How To

How do I log audit events to a database in OpenAM 13.x?

Last updated Jan 5, 2021

The purpose of this article is to provide information on logging audit events to a database in OpenAM. You can log to Oracle®, MySQL™ or other databases.

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OpenAM 13.0 introduces the ForgeRock Common Audit Framework, which allows OpenAM to log all user and administrative activity in a consistent format across the ForgeRock platform. Logs can be written to file, database or syslog as required. See OpenAM Administration Guide › Configuring Audit Logging for further information on configuring audit logs to be written to a database in OpenAM 13.x.

In releases prior to OpenAM 13.0, you can configure OpenAM to log to a database instead of the default log file if required. The configuration required for this is detailed below. This functionality is deprecated as of OpenAM 13.0.

Configuring OpenAM to log to a database

You can configure OpenAM to log to a database using either the OpenAM console or ssoadm:

  • OpenAM console: navigate to: Configuration > System > Logging > Logging Type and select the DB option. Complete the following fields to configure logging to a database:
    • Log File Location: enter the full directory path using a valid database URL, for example: jdbc:mysql://host:port/dbname.
    • Database User Name
    • Database User Password
    • Database User Password (confirm)
    • Database Driver Name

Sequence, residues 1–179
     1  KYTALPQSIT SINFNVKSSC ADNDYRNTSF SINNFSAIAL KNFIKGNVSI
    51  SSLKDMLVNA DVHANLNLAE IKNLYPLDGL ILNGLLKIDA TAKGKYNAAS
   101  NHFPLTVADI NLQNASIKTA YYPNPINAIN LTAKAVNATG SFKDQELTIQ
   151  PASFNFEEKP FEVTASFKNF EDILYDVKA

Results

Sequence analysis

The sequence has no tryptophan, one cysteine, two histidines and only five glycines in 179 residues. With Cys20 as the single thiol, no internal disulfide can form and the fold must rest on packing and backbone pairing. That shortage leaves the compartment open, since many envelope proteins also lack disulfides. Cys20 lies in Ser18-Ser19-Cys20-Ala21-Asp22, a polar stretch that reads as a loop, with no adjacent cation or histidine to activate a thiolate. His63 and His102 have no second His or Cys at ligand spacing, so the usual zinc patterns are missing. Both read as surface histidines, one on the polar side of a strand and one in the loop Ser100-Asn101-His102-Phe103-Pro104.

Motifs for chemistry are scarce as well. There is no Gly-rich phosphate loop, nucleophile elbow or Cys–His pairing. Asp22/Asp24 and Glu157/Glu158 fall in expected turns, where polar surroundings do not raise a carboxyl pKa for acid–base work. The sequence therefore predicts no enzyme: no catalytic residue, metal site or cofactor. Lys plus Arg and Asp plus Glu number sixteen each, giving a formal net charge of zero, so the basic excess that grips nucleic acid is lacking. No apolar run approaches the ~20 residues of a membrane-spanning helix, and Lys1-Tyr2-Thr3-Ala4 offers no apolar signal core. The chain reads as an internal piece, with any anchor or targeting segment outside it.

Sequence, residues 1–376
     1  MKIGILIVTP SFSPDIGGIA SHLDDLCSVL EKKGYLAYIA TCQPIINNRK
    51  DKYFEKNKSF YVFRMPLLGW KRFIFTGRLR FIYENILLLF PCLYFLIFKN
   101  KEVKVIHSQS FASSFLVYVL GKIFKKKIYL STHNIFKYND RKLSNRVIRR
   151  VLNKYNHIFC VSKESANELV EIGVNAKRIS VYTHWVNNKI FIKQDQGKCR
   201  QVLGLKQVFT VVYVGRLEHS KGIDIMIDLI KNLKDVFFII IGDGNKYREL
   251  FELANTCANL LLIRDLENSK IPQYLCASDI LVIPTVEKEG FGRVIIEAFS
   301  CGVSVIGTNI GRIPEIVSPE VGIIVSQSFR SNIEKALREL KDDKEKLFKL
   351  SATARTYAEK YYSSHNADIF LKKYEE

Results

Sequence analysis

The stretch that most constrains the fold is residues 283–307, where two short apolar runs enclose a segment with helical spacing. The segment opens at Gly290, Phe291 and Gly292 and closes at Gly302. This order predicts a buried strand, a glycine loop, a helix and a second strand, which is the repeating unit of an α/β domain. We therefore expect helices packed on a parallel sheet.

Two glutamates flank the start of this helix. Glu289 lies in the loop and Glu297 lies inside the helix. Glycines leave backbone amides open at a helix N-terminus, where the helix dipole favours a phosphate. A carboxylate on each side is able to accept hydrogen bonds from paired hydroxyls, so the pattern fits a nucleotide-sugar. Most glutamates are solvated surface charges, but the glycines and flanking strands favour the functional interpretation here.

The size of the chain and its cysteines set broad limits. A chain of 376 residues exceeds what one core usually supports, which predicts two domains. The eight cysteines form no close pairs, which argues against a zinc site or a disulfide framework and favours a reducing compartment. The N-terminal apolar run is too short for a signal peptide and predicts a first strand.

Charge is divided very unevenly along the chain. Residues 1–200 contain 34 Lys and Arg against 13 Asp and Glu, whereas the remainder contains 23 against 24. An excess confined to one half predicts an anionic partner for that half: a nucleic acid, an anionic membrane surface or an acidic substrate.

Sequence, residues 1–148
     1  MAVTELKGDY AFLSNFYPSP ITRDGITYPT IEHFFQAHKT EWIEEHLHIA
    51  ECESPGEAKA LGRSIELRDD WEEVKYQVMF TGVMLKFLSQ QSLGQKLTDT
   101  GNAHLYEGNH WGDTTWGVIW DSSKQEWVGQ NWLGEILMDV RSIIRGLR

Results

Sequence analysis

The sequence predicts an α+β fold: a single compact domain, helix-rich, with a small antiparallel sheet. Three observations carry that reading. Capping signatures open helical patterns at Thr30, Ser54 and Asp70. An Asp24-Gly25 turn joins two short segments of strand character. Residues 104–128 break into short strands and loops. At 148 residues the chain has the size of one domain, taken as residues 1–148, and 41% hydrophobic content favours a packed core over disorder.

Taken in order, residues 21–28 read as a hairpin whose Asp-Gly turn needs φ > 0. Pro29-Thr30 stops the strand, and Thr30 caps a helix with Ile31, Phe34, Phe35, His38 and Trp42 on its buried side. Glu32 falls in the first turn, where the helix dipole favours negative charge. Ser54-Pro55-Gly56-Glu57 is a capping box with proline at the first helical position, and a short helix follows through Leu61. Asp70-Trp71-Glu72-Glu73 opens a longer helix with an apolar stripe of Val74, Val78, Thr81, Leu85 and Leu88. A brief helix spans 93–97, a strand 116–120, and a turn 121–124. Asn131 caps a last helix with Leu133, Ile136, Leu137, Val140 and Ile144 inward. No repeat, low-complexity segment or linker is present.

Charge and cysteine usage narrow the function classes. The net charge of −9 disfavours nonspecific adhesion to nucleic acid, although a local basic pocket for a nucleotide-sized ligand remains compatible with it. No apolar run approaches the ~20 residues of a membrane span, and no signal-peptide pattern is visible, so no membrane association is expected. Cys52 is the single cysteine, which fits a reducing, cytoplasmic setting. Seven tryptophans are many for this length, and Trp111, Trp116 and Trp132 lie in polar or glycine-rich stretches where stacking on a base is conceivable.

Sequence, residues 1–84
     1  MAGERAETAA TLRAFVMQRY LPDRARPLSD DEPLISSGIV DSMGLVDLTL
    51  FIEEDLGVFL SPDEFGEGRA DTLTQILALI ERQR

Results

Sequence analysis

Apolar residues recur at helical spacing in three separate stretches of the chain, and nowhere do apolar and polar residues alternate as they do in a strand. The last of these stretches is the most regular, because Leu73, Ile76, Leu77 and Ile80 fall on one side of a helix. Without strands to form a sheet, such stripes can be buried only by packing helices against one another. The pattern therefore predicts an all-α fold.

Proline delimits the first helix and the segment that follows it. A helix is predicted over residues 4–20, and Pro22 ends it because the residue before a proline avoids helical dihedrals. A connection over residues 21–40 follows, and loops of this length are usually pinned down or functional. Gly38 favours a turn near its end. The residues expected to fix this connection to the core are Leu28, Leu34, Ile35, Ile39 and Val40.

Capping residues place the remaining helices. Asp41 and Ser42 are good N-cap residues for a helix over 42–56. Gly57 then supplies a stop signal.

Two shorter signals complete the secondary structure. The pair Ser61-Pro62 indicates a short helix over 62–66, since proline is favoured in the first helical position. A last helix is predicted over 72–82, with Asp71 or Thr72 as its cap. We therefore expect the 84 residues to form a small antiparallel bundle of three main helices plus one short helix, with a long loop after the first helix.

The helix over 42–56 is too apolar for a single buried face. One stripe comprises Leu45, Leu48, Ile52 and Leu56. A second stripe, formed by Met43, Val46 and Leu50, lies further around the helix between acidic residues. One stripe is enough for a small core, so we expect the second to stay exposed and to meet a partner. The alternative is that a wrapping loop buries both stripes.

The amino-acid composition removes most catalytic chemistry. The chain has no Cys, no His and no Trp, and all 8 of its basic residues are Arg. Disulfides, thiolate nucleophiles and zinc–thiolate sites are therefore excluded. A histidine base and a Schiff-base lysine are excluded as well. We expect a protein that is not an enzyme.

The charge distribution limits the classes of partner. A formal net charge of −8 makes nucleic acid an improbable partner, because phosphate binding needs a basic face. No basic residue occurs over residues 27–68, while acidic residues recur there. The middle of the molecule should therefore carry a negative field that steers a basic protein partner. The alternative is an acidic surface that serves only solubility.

• ssoadm: enter the following command: $ ./ssoadm set-attr-defs -s iPlanetAMLoggingService -t global -u [adminID] -f [passwordfile] -a iplanet-am-logging-type=DB iplanet-am-logging-location=[JDBCURL] iplanet-am-logging-db-user=[DBuserName] iplanet-am-logging-db-password=[DBpassword] iplanet-am-logging-db-driver=[JDBCdriver] replacing [adminID], [passwordfile], [JDBCURL], [DBuserName], [DBpassword] and [JDBCdriver] with appropriate values.

OpenAM automatically creates the necessary table in the database, so there is no need to run a script to create the table; events and errors are logged as unique database file attributes or columns and are labeled as follows:

  • Oracle database:
    • *_ACCESS
    • *_ERROR
  • MySQL database: 
    • *_access 
    • *_error 

You should ensure the database user has the CREATE TABLE privilege and the JDBC driver is deployed in the web container.

See Also

OpenAM Administration Guide › Configuring Audit Logging

Related Training


Related Issue Tracker IDs

OPENAM-5987 (Database audit logging 'failure buffer' does not write all records after DB recovery)

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